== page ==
rick tillis

Warner got another $138K under federal PPP program in January

Rep. Todd Warner (R-Chapel Hill) is sworn into the House in Nashville on Jan. 12, 2021. (Erik Schelzig, Tennessee Journal)

Freshman state Rep. Todd Warner, the Chapel Hill Republican who had his business and legislative offices searched by the FBI in January, received another $138,435 in federal COVID-19 relief funds later that month. That’s on top of the $149,630 he received in April 2019.

Warner last week denied to The Tennessean that any of the money he received under the the federal Paycheck Protection Program had gone toward funding the $154,100 he loaned his campaign last year. “If I’m charged with it I feel like I’m innocent,” he told the paper.

The federal funds were directed to his contracting company, PCS of TN, which reported employing 16 people.

The candidate’s largesse raised eyebrows during the race because Warner had filed for Chapter 11 bankruptcy protection a decade earlier due to his inability to pay $20 million in debts. Warner said he obtained the money for his political pursuits via an unrelated bank loan.

Warner defeated incumbent Rep. Rick Tillis of Lewisburg in the August primary.

The FBI also searched the homes and offices of Republican Reps. Glen Casada of Franklin and Robin Smith of Hixson. The Registry of Election Finance informed Warner it was reopening a complaint filed by the Tillis camp against him and an independent expenditure group called the Faith Freedom Family Find.

Casada PAC attacks from 2018 appear to be templates for hit pieces on Tillis

A political action committee that ran attacks last summer against former Rep. Rick Tillis (R-Lewisburg) used the same template as hit pieces issued by the PAC of former House Speaker Glen Casada (R-Franklin) two years earlier.

The mailers attacking Tillis were run by a group called the Faith Freedom Family Fund, or FFFF. The ones targeting Jonathan Mason, a Republican candidate running for a Hamilton County House seat in 2018, were sent out by Red Ivory Strategies for Casada’s CAS-PAC. Red Ivory is owned by Michael Lotfi, whom Casada later hired for a no-show job at the General Assembly.

“Lying Rick Tillis will say & do anything to get elected … Don’t let him fool you!” reads an FFFF mailer.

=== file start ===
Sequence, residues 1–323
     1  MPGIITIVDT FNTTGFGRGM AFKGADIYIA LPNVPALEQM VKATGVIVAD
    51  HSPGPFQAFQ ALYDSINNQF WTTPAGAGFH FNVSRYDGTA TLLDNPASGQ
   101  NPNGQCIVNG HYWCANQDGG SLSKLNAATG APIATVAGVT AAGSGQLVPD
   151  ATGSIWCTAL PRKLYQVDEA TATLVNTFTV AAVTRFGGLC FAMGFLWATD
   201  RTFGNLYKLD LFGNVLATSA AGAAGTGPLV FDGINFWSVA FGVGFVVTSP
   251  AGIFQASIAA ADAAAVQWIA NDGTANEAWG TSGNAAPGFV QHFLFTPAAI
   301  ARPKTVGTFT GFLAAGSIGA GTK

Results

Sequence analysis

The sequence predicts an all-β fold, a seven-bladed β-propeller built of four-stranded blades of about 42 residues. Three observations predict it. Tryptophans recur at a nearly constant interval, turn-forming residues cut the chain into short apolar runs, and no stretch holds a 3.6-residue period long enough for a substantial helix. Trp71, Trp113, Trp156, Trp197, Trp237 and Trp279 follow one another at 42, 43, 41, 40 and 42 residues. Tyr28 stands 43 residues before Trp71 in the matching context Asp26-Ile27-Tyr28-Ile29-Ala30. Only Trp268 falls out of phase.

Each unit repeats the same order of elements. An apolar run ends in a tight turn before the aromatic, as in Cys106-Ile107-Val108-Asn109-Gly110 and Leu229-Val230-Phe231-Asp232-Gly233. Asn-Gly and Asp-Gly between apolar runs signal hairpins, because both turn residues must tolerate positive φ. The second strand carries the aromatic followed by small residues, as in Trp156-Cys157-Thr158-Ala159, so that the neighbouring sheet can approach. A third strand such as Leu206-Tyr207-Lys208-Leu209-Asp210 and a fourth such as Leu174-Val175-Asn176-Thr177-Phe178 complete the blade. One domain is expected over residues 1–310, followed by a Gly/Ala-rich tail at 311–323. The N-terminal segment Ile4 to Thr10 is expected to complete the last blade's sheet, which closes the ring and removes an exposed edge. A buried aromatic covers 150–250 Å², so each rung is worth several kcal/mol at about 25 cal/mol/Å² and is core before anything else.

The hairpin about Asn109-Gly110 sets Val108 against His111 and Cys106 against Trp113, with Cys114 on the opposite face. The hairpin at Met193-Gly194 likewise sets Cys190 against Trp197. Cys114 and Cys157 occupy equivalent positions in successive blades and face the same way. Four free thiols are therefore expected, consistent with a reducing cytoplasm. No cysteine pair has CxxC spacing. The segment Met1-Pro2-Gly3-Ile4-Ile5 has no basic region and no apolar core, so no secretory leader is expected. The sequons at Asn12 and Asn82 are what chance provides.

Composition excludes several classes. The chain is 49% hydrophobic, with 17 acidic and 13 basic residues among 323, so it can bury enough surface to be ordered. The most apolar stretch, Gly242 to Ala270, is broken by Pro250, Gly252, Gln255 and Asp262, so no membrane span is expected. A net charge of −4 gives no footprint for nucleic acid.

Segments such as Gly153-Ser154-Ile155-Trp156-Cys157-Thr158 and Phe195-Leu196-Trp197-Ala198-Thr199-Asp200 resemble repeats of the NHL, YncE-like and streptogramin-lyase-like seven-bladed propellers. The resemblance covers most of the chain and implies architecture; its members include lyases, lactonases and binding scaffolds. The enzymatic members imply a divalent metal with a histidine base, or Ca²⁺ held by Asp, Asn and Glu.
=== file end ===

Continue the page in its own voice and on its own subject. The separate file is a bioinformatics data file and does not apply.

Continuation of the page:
“Lying Jonathan Mason will say & do anything to get elected … Don’t let him fool you!” says a CAS-PAC mailer.

Red Ivory received at least $135,000 from House Republicans in 2020, including $57,750 from the GOP caucus (which isn’t supposed to work against its own members).

The Tennessean has reported that former Casada aide Cade Cothren, who helped run CAS-PAC, also assigned work on behalf of FFFF.

Casada’s preferred candidate in the 2018 primary was Esther Helton of East Ridge, who went on to win the primary and the general election. A mailer from that race carried a Chattanooga postal permit number, 383, that has featured heavily in the Tillis primary.

Permit No. 383 was used in August by Tillis’ opponent Todd Warner, the FFFF PAC, and a campaign vendor called Phoenix Solutions, which has run mailers for a variety of GOP candidates. Rep. Robin Smith (R-Hixson) was a major promoter of Phoenix.

Smith, Casada, and Warner had their homes and offices searched by the FBI earlier this month, which agents also went through Cothren’s apartment.

First House Republicans begin to call for Casada to step down as speaker

House Speaker Pro Tem Bill Dunn (R-Knoxville) presents school voucher legislation on May 1, 2019. (Erik Schelzig, Tennessee Journal)

The text messaging scandal surrounding House Speaker Glen Casada is now leading some fellow Republicans to call for him to resign from from his leadership post.

House Speaker Pro Tem Bill Dunn (R-Knoxville):

House Majority Whip Rick Tillis (R-Lewisburg) told The Tennessean’s Emily West that Casada “needs to step down.”

Here’s Rep. Jeremy Faison (R-Cosby):

Rep. David Hawk (R-Greenville):

The Tennessean reports that a caucus conference call with Casada on Wednesday also included some supportive words from members:

Reps. Andy Holt, R-Dresden, and Susan Lynn, R-Mt. Juliet, offered their support to the speaker.

House Majority Leader William Lamberth, R-Portland, reminded members of the caucus that “the sky is not falling.”

Lamberth added, “This is one of those type things that we just thoughtfully proceed together in whatever direction we need to.”